there are 3 indexes around 100GB each. so breaking each up into smaller files and giving their own raid1 sets isn't really possible, though each index is it's own file already.

maybe doing 3 raid1 sets is better?
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by:dlethe
ID: 35216071
You can run perfmon to tell you specifics, but if queue depth is always 1 or 0, then no reason to change for IOPs reasons.  If, however, queue depth os consistently higher, then you should absolutely break up those stripes, provided you can distribute the index files so that they can be balanced between the 2 RAID1s.

As for the 6 disk span not helping,  it generally will only hurt.   Most I/O is going to be issued in powers of 2.  So if you think about it, how often will you have an I/O request that is a multiple of 6?  Pretty much never, so a 6-disk RAID10 can't possibly ever help much of anything except large-block sequential.

(To an even greater extent, you'll see this problem even more with RAID5.   Never build a 4 or 8 drive RAID5, as this guarantees you leave performance on the table.   Do a 5 or 9 disk.  Effects will become more noticeable as you add concurrent I/O requests, and with non-premium, under-cached controllers.
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by:MrVault
ID: 35216426
by queue depth do you mean disk queue length?

so are you suggesting we won't see a performance increase until we go to 8 disks instead of 6?

we're using Average Disk Seconds/read(write, transfer) to gauge performance.
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by:dlethe
ID: 35216583
yes queue depth.
As for what you will see, then way to many variables to guarantee anything, but in general, you need to just understand that large RAID10 stripe sets are not appropriate for database if you are seeing I/Os that are queued up and the reason is NOT bus saturation.    Combine with the multiple-of-2 rule, then you probably won't see that much of a difference.  If you're going to redo it, then if you can get away with it, go with either a 2 x RAID10  or 1 x RAID10 + 2 x RAID1

The 1 x RAID10 + 2 x RAID1 is best for databases that are getting pounded with queries and reindexing, like a decision support system or expert system where you are constantly adding sophisticated queries and have huge scratch tables.  The 2 x RAID10 as a better overall solution for more general I/O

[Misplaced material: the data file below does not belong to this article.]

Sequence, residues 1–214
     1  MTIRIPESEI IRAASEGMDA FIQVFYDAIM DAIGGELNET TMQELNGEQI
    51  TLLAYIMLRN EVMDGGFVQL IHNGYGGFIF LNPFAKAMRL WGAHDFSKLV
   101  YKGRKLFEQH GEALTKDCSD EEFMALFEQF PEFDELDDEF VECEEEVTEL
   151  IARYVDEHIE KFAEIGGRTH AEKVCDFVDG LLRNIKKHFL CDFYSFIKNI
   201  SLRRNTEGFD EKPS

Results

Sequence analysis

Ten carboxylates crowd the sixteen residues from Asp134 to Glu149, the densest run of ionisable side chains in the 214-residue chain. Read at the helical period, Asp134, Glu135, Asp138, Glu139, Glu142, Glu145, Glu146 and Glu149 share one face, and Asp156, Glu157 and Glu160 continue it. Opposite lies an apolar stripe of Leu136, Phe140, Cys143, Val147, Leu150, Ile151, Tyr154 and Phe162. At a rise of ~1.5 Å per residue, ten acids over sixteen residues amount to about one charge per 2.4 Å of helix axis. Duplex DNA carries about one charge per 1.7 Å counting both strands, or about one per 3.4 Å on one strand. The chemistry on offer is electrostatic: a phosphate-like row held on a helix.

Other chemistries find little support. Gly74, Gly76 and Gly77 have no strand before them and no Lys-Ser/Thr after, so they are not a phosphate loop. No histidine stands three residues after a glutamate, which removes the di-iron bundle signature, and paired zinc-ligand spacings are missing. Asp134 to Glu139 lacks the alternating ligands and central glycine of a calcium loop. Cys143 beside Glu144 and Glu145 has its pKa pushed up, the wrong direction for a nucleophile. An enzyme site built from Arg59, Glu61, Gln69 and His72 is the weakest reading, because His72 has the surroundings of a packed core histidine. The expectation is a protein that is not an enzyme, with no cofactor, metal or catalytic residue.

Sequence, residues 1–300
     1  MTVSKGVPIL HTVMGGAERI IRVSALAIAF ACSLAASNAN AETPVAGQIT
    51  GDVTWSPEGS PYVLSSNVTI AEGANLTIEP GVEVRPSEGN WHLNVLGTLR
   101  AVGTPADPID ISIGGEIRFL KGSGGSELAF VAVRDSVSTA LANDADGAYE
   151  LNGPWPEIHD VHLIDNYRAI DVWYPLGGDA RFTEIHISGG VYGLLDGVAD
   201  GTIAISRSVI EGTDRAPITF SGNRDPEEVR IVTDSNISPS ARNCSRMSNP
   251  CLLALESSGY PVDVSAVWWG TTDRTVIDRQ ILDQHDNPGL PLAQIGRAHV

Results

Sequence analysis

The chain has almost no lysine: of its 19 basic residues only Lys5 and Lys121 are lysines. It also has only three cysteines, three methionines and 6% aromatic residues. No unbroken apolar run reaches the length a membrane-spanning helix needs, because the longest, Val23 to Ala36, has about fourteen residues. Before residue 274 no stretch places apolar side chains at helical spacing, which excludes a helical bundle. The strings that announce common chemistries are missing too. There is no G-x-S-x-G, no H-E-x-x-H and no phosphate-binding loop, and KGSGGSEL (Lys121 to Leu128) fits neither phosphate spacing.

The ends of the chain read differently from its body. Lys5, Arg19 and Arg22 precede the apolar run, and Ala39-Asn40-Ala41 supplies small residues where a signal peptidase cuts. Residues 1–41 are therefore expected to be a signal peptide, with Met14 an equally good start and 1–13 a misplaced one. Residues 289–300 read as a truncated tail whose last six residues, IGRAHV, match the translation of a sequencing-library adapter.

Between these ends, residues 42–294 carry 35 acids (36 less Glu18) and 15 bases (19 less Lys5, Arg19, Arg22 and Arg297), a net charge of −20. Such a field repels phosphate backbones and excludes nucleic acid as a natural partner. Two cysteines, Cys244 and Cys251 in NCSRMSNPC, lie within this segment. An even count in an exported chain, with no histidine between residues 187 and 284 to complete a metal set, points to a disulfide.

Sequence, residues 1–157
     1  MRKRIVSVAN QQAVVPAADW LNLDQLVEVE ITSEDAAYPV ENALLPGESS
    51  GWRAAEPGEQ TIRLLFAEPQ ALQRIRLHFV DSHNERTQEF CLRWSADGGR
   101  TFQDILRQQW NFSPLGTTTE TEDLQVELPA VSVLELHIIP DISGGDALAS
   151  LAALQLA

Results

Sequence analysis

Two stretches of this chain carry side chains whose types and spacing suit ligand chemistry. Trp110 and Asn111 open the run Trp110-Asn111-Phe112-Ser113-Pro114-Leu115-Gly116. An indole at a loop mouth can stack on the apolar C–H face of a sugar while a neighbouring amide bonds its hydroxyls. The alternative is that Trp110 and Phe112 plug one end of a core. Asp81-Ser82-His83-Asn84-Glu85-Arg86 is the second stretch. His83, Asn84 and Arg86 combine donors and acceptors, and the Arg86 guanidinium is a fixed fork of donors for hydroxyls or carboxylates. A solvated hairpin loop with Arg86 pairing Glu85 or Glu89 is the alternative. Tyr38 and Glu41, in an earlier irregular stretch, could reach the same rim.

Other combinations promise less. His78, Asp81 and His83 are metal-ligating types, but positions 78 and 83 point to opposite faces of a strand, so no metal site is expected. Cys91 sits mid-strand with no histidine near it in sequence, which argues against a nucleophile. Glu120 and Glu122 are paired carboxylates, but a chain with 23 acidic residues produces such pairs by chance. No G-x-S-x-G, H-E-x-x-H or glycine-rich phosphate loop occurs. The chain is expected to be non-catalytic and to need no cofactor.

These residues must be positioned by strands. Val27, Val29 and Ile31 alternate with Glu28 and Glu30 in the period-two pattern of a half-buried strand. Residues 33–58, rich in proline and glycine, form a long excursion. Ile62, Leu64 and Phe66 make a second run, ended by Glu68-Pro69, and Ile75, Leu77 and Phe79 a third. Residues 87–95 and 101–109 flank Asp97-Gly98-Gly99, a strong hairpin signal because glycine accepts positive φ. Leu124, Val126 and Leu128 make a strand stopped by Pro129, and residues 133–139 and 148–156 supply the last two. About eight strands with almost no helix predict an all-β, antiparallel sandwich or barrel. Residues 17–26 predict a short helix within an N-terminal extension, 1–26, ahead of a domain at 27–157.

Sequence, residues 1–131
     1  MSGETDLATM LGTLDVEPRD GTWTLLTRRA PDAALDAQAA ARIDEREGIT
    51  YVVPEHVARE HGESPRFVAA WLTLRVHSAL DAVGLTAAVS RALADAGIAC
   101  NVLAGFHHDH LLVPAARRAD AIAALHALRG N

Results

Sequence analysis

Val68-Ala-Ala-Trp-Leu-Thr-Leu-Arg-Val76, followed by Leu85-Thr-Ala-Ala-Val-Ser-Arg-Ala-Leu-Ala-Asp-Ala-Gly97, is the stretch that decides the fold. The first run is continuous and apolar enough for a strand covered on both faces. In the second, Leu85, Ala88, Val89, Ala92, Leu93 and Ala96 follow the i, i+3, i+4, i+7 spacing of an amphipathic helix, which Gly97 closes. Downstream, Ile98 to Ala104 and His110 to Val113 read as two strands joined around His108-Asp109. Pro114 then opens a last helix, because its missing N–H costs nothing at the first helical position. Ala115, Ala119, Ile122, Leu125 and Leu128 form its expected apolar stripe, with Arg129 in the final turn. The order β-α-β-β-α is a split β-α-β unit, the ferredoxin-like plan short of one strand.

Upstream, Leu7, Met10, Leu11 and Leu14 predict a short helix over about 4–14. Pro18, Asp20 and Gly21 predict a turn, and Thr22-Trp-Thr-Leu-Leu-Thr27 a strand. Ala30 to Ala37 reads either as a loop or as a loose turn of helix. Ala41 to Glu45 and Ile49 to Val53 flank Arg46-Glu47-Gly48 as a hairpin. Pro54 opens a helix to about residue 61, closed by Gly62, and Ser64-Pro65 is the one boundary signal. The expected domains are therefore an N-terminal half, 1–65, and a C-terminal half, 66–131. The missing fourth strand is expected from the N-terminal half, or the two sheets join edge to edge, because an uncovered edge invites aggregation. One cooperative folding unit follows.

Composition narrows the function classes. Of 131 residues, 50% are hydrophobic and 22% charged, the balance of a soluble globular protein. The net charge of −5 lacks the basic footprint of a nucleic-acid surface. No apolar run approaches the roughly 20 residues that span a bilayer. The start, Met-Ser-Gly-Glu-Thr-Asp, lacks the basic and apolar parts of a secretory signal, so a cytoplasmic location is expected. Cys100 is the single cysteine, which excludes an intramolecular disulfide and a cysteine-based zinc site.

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by:MrVault
ID: 35216631
we only have 6 disks to work with, so we have to either do raid1 + raid10, 3xraid1, or 1 raid10
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by:dlethe
ID: 35216733
Then most likely the 1 x RAID10 + 1 x RAID1 will be better for you.  
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by:MrVault
ID: 35216928
that's the setup we had but it wasn't getting enough performance. would  3 x raid1 not be better, giving each high IO index it's own raid 1 set rather than all three indexes on 1 raid10 set?
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by:dlethe
ID: 35216991
You need to step back and look at the specifics of the RAID config as set up in the controller.  It all starts with that, and you haven't identified any bottleneck.  How is the controller set up?  Block size, write cache (at the RAID controller; the individual disk drives; and within windows O/S itself).  There are 3 different write caches.  

With 8 disks, then bottleneck could very well be the card itself and the slot in the mobo.  You have enough storage to saturate unless you have enough lanes in a PCIe slot. it could be nothing more than plugging the same card into a PCIe x 8 or higher slot.
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by:MrVault
ID: 35217034
64k block size. no read ahead. write back. 1gb non volatile cache. no disk cache. nothing in windows. 64k cluster/allocation size

it's an R510 with 12 x 3.5" disks 600 GB 6Gbps 15K sas disks.
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by:dlethe
ID: 35217138
turn on read-ahead. I don't have the architecture docs on the R510, so you will have to do some homework.  You need to find out how that particular controller handles block sizes on the hardware level.

If the block size is 64KB, and you have a 6-disk RAID1, does that mean that a write will ALWAYS result in (64KB x 3) x 2 stripes being written?    On reads, some controllers will make 3 disks read 64KB each, even though you want just 64KB.    Others, like the fakerRaid controllers will actually make you read 64KB from all 6 disks.   Others will read just 64 KB from the mirror that has that particular block.

Still others, the best ones will only make one disk read 64KB, and then the I/O will go to the disk that can satisfy the I/O the quickest, and will load balance.

For writes, same issue, some controllers will write 192KB worth of data x 2 stripes no matter what, but best case they will write 64KB x 2 disks.

Now you understand the importance and ramifications at a better level.  there is much more here I don't care to get into like how the I/O queue and reordering and cache buffers play into this along with the RAID5 write hole, but research this and it will tell you why your implementation is most likely incorrect.

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by:MrVault
ID: 35217329
we saw degraded performance when enabling read-ahead actually.